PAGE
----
Seattle Post-Intelligencer Goes Web-Only

Seattle Post-Intelligencer editors Chris Beringer and John Dickson react to the announcement.
Seattle Post-Intelligencer editors Chris Beringer and John Dickson react to the announcement. (By Dan Delong -- Associated Press)
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By Phuong Le
Associated Press
Tuesday, March 17, 2009

The Seattle Post-Intelligencer, which has chronicled the news of the city since logs slid down its steep streets to the harbor and miners caroused in its bars before heading north to Alaska's gold fields, will print its final edition today.

Hearst, which owns the 146-year-old P-I, said yesterday that it failed to find a buyer for the newspaper, which it put up for a 60-day sale in January after years of losing money. Now the P-I will shift entirely to the Web.

"Tonight will be the final run, so let's do it right," publisher Roger Oglesby told the newsroom.

Hearst's decision to abandon the print product in favor of an Internet-only version is the first for a large American newspaper, raising questions about whether the company can make money in a medium where others have come up short.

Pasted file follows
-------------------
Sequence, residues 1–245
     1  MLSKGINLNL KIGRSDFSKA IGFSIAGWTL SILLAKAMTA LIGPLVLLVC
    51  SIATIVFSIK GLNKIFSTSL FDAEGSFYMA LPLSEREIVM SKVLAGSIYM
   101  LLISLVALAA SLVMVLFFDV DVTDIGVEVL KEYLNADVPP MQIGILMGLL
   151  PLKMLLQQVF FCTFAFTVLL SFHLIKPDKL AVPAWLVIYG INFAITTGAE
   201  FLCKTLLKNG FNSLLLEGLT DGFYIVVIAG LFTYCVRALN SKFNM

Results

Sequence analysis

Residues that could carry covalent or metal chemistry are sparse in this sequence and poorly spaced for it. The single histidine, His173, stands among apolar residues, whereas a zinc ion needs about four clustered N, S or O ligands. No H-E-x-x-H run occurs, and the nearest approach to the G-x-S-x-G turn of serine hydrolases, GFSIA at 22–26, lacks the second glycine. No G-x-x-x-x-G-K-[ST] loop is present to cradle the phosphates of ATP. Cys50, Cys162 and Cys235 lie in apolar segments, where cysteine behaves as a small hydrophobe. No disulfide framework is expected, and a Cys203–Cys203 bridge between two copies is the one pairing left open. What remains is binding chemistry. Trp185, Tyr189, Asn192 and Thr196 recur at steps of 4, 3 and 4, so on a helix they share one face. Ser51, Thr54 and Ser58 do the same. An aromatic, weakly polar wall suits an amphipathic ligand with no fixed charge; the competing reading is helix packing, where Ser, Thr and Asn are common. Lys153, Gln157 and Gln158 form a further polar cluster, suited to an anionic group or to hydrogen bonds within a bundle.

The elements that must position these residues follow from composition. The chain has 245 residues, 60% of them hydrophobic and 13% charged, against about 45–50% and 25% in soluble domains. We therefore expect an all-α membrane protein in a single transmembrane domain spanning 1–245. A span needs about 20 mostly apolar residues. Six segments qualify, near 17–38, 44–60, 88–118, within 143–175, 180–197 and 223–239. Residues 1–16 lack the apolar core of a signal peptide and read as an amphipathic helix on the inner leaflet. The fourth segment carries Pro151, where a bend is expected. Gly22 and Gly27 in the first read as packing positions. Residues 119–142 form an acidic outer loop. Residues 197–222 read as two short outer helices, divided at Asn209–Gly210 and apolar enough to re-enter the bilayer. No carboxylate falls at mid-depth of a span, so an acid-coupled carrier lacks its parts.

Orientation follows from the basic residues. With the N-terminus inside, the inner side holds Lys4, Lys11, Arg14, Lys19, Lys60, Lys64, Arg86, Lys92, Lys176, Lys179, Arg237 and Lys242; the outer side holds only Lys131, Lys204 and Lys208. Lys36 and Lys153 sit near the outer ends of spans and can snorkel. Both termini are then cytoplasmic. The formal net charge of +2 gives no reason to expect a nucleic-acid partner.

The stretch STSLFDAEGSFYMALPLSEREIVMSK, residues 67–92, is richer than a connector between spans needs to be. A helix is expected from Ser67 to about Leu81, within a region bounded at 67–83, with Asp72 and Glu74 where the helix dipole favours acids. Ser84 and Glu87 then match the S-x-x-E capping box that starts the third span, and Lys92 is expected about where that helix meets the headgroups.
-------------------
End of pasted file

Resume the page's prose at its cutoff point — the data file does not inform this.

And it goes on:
David Lonay, 80, a subscriber since 1950, said he'll miss a morning ritual that can't be replaced by a Web-only version.

"The first thing I do every day is get the P-I and read it," Lonay said. "I really feel like an old friend is dying."

Hearst's move to end the print edition leaves the P-I's larger rival, The Seattle Times, as the only mainstream daily in the city. The Times plans to deliver a copy of the newspaper to every P-I subscriber tomorrow morning, spokeswoman Jill Mackie said.

"It's a really sad day for Seattle," said P-I reporter Angela Galloway. "The P-I has its strengths and weaknesses but it always strove for a noble cause, which was to give voice to those without power and scrutiny of those with power."

Seattle follows Denver in losing a daily newspaper this year. The Rocky Mountain News closed after its owner, E.W. Scripps, couldn't find a buyer. In Arizona, Gannett's Tucson Citizen is set to close Saturday, leaving one newspaper in that city.

And last month, Hearst said it would close or sell the San Francisco Chronicle if the newspaper couldn't slash expenses in coming weeks.

The newspaper industry has seen ad revenue fall in recent years as advertisers migrate to the Internet, particularly to sites offering free or low-cost alternatives for classified ads. Starting last summer, the recession intensified the decline in advertising revenue in all categories.


© 2009 The Washington Post Company

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